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The Week – In Perspective: European Data Protection Board establishes a cookie banner taskforce

In this week’s round-up of the latest news and developments in Data Protection, we look at the key takeaways from the Irish data protection regulator’s WhatsApp decision, a statement from the British data protection regulator about COVID status check schemes and an announcement from the European Data Protection Board about cookies (not the edible kind however!).

The Information Commissioner’s Office (ICO) issues a statement on mandatory COVID status check schemes

 

What happened

  • To coincide with the introduction of mandatory vaccination and COVID status checks in Scotland and Wales, the data protection regulator in the UK – the ICO, has emphasised the importance of privacy when implementing these schemes.

  • This includes making sure that businesses are exhibiting high standards of governance and accountability and to ensure compliance with data protection principles such as transparency and fairness.

Why it matters

  • Despite COVID vaccinations being non-mandatory within the UK, the Scottish and Welsh governments have made it a legal requirement for certain venues and settings, such as nightclubs, where their customers will have their COVID vaccination status checked.

  • This involves processing personal data and therefore data protection law will apply.

  • Examples of methods to achieve compliance includes being clear, open and honest with people about what you are doing with their personal information. This can be through an online privacy notice or posters around the venue’s entrance.

The European Data Protection Board (EDPB) adopts opinion on draft South Korea adequacy decision

What happened

  • The EDPB adopted its opinion on the European Commission’s draft adequacy decision for the Republic of Korea.

  • This adequacy decision will allow for the seamless transfers of personal data between the EU and the Republic of Korea including transfers in both the public and the private sector.

  • The EDPB noted that there are a few key areas of alignment between the EU and South Korean data protection frameworks including the areas of data retention, security and confidentiality and transparency.

Why it matters

  • The European Commission can assess a country’s laws and governance structures to determine whether they are ‘adequate’ i.e. whether they offer essentially the same level of protection of personal data as the EU.

  • This process involves receiving an opinion as well as feedback from the EDPB.

  • Once achieved, adequacy status will allow organisations in both jurisdictions to transfer personal data without the need for additional measures or safeguards, unless exceptions are specifically stated.

  • Earlier this year, the European Commission granted the UK adequacy status.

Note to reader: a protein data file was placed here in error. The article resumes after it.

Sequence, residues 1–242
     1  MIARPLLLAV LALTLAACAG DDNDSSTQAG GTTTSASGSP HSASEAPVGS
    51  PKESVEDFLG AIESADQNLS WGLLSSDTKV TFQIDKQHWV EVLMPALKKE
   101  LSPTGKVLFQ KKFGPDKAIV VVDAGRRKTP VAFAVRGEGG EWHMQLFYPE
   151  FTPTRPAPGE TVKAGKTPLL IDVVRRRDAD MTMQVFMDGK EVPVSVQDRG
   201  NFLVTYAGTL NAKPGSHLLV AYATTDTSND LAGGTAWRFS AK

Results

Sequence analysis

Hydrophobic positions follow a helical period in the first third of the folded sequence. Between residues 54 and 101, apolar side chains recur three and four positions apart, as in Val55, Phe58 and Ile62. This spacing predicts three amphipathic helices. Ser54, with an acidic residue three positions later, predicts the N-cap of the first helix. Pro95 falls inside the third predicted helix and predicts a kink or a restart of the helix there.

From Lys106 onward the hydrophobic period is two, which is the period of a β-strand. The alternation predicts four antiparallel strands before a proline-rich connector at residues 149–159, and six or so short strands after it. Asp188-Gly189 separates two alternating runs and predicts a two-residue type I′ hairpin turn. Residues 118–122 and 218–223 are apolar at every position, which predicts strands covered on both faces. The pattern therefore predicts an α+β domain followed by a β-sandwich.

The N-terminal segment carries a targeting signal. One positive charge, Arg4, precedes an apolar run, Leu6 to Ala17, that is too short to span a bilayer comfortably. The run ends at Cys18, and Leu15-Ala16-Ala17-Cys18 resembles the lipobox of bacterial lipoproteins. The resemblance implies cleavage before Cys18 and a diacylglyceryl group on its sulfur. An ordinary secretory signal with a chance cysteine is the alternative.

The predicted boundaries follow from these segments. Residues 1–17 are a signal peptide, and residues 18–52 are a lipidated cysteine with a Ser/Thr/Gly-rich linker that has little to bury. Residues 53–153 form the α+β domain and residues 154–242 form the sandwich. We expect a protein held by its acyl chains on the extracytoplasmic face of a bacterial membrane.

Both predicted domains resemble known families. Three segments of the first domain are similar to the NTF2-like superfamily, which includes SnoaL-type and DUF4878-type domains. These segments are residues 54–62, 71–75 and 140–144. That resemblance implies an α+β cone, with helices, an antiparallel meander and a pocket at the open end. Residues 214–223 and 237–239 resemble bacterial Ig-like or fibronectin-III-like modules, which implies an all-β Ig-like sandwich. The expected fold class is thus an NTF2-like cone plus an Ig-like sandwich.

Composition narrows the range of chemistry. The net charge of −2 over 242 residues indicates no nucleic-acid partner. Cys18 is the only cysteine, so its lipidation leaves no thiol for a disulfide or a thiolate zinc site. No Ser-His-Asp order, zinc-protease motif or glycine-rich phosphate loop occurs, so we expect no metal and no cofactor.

What can we learn from the Irish data protection regulator’s fine on WhatsApp?

What happened

  • Early in September this year, the Irish data protection regulator fined WhatsApp €225 million.

  • The issues that were identified included failures to provide the required privacy information to WhatsApp users and non-users and failures to make privacy information available in an easily accessible form.

  • The decision of the Irish data protection regulator reveals a lot about how businesses should comply with the transparency requirements of data protection law, particularly when it comes to compiling privacy notices.

Why it matters

  • Privacy notices act as one way in which organisations can inform individuals about what they are doing with their personal data.

  • The issues identified by the Irish data protection regulator provides some useful insights for businesses to consider with preparing their privacy notices.

  • This includes avoiding the use of ‘linked documents’ so that the user is able to access all the information in one place rather then through different webpages.

  • As well as this, the lawful basis for processing and the purpose for processing must be provided at a granular level of detail and on each and every processing operation respectively.

The European Data Protection Board (EDPB) establishes a cookie banner taskforce

One more thing…

During the earlier part of this year, the European Center for Digital Rights (better known as NOYB) issued more than 500 complaints to the owners of websites that, according to NOYB, use ‘unlawful’ cookie banners. Many of these complaints were later escalated to various data protection regulators across the EU. In response, the EDPB have recently established a cookie banner taskforce to promote cooperation, information sharing and best practices between data protection regulators.

If you are wondering how a cookie banner should look like and what would be considered ‘lawful’, the Information Commissioner’s Office in the UK has produced some easy-to-read guidance that can be found here.